TAMPA — For four days this summer, suspected police killer Dontae Morris eluded the largest manhunt in city history.
Police Chief Jane Castor warned that anyone who helped him hide would also face prosecution.
Four months later, only Morris sits in jail on charges stemming from the June 29 traffic stop deaths of Officers David Curtis and Jeffrey Kocab.
And police have yet to make public their time line of where Morris went after fleeing the shooting scene.
Did he hide out in the city or leave town? How did a confidential informer learn of his whereabouts? And who else was involved in negotiating his surprising surrender at a South Tampa law office?
The St. Petersburg Times asked for some answers this week. Officials remained tight-lipped.
"It's an ongoing investigation," police spokeswoman Laura McElroy said. "We're still building cases against the individuals who assisted him during that time period."
She said the requested information won't be released until those investigations are completed and acknowledged that they "have stretched on much longer than we ever anticipated."
"There's definitely people in our community who have information that would aid us in our investigation that have not come forward," said McElroy, who urged them to do so.
One arrest police made didn't pan out.
Last week, a federal judge dismissed the sole charge against Cortnee Brantley, who drove the Toyota Camry pulled over by Officer Curtis. Morris, her on-and-off-again boyfriend, was a passenger. After the gunshots, Brantley sped away.
Authorities accused her of not revealing that she knew Morris was a felon who illegally had a loaded gun on the date the officers were killed.
But U.S. District Judge James S. Moody Jr. found no proof that Brantley took specific action to conceal that fact, a required element of the obscure charge she faced.
The judge's ruling prompted Castor to issue a written pep talk to her staff, in which she reiterated the promise to fully investigate the events between the shootings and Morris' capture.
"This investigation has been and will continue to be thorough, methodical and objective," she wrote. "Charges that are warranted and can be proven will be brought forward for prosecution.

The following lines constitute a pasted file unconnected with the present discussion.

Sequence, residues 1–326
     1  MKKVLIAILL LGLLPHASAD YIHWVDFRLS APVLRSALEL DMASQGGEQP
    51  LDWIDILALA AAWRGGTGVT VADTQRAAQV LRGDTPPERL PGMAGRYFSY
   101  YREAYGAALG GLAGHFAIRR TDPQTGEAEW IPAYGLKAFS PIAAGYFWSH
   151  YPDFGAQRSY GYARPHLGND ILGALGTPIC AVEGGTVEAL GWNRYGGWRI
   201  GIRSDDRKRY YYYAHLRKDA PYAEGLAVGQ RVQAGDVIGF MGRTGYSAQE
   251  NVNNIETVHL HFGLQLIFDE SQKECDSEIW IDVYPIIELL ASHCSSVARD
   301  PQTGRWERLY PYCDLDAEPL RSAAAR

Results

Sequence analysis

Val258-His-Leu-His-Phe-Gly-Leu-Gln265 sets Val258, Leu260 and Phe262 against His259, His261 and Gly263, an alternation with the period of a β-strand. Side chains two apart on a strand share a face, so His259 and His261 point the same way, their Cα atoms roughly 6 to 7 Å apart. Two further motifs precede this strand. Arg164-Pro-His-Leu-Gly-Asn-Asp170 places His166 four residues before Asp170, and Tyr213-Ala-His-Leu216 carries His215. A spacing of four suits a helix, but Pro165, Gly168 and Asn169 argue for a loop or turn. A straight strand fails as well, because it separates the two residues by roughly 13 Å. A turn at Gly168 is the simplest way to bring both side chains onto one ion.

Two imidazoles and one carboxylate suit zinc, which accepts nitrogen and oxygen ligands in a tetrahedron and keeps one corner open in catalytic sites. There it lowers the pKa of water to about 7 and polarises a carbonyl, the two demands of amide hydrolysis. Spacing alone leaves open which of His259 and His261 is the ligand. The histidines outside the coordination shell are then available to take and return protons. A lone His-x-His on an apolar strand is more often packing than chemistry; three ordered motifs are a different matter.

"We all remain deeply affected by the senseless deaths of Dave and Jeff, however we are professionals and as such will complete this investigation according to the law."
The law says prosecutors must prove that those who aided Morris knew he committed a crime and intended to help him avoid or escape arrest in order to charge them with accessory after the fact.
Investigative documents related to the shootings themselves also have not been released. That information, known as discovery, comes from the State Attorney's Office but isn't available to the public until it has been provided to the defense.
In some previous police shootings, including the Aug. 19, 2009, killing of Cpl. Mike Roberts, discovery materials were released about four months after the crimes.
Morris' attorney, who works for the busy regional conflict counsel office, hasn't even asked for the documents.
During a recent court hearing, defense attorney Stephen Fisher said that was part of his strategy. He did not elaborate, or return a call for comment this week.
Morris, 25, could get the death penalty if convicted.
Times staff writer Jessica Vander Velde contributed to this story. Colleen Jenkins can be reached at firstname.lastname@example.org or (813) 226-3337.